Pandora is unveiling a major refresh to its mobile app that puts a bigger emphasis on discovery, while also giving users an easy way to fine-tune their favorite stations. The new app is launching for both iOS and Android devices, and will be available to all mobile users in the coming weeks.
The revamp of the mobile app is meant to help people more easily browse Pandora’s catalog, and discover songs, albums and playlists they may be interested in. That’s especially true for all those folks who still primarily turn to Pandora for lean-back listening, said Pandora’s chief product officer and SiriusXM head of technology Chris Phillips. “People still don’t know that you can search and play any song on demand.”
Pandora added Spotify-like on-demand listening to its app in early 2017. At the end of that year, Pandora added a “free premium” feature that allows users of its free tier to listen to individual songs as well as whole albums and playlists on demand after watching a video ad. However, Phillips said that the previous design of the app was still primarily focused on continuous lean-back listening of Pandora stations, meaning that many users never actually searched for songs or albums.
The new app now features a dedicated “For You” section that includes easy access to the entire Pandora catalog by genre, mood, playlist, decade and more. It also features about a dozen rotating modules that recommend playlists, albums, podcasts and more based on the time of day, past listening habits and more.
Listeners may find a selection uplifting music to get over their afternoon slump, the latest album of their favorite artist, and a section of personalized playlists, as well as a variety of charts to find the top artists and stations across the service’s entire user base. Altogether, Pandora has developed 35 such modules, and is updating as well as rotating them multiple times a day to keep things fresh. “Everyone’s app will look different,” said Pandora vice president of design and creative Tony Calzaretta.
Throughout the “For You” section, Pandora is also highlighting podcasts, which the service has been recommending to its listeners through its so-called “Podcast Genome Project” since late last year. “We are doing recommendations at the episode level,” said Phillips.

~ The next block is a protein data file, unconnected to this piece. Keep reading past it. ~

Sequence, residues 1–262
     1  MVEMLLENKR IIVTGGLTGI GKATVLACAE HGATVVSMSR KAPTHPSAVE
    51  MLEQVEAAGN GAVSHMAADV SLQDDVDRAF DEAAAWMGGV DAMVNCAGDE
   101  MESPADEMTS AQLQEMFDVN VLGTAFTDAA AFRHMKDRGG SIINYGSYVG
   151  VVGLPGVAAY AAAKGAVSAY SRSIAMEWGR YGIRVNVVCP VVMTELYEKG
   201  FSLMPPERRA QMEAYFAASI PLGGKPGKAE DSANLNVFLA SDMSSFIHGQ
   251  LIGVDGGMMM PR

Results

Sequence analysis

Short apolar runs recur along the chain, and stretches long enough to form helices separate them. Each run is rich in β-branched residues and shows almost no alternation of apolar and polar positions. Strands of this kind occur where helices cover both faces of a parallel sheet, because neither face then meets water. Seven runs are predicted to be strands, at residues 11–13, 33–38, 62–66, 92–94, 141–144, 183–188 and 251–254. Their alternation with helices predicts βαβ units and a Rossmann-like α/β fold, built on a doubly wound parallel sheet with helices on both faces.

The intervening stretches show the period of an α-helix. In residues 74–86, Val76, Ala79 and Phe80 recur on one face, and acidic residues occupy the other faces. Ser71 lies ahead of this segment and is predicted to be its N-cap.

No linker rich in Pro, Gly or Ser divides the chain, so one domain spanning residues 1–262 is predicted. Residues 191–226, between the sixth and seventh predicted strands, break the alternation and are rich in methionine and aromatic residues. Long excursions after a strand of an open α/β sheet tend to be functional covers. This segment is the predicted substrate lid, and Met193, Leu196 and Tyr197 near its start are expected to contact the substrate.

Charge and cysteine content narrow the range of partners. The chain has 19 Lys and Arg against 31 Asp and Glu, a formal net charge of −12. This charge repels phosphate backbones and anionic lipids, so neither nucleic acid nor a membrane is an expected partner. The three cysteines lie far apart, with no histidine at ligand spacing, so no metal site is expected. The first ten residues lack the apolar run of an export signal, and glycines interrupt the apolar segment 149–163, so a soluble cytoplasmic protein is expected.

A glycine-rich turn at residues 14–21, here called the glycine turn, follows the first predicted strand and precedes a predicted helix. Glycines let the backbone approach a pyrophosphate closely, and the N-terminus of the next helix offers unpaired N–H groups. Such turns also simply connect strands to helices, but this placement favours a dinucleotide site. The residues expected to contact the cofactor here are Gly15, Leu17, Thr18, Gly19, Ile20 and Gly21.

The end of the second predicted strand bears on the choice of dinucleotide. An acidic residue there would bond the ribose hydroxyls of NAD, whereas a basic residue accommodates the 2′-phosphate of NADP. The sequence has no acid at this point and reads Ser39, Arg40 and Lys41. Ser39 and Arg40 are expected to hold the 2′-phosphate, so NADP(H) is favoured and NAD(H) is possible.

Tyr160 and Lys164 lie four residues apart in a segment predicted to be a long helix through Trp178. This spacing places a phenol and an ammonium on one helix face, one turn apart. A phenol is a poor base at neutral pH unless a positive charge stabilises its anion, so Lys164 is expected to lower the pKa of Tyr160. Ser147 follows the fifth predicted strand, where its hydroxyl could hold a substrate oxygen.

In addition to “For You,” Pandora has also added a way to easily tweak any station. Every station now features a “My Station” button above the album art. Tap it, and you’ll be able to instead switch to different versions of the station, including “crowd faves,” a new “discovery mode” that broadens the horizon, an “artist only” mode and a “deep cuts” mode, among others. “This is where you go into the B sides,” Phillips said about the “deep cuts” mode.
Ultimately, both the new “For you” section and the additional station modes are about giving listeners ways to interact more with Pandora’s catalog. Calzaretta said that both users of the paid and ad-supported subscription tier tended to oscillate back and forth between passive listening and active discovery.
“Everybody’s listening is split,” he said. “There is lean-in and lean-back listening happening everywhere.” Except, previously, much of that active discovery wasn’t happening on Pandora, which users firing up other apps whenever they wanted to listen to a certain song or album, ultimately leading to a decline of Pandora’s usage numbers.
Pandora’s monthly active users were just shy of 65 million during the most recent reported quarter; that’s down 16 million from 3 years ago. The bigger emphasis of lean-in and on-demand listening is one part of Pandora’s strategy to win back some of those listeners, with Philips suggesting that exclusives will be the another key aspect. “We’re going to have more and more exclusive content on Pandora and Sirius,” he said.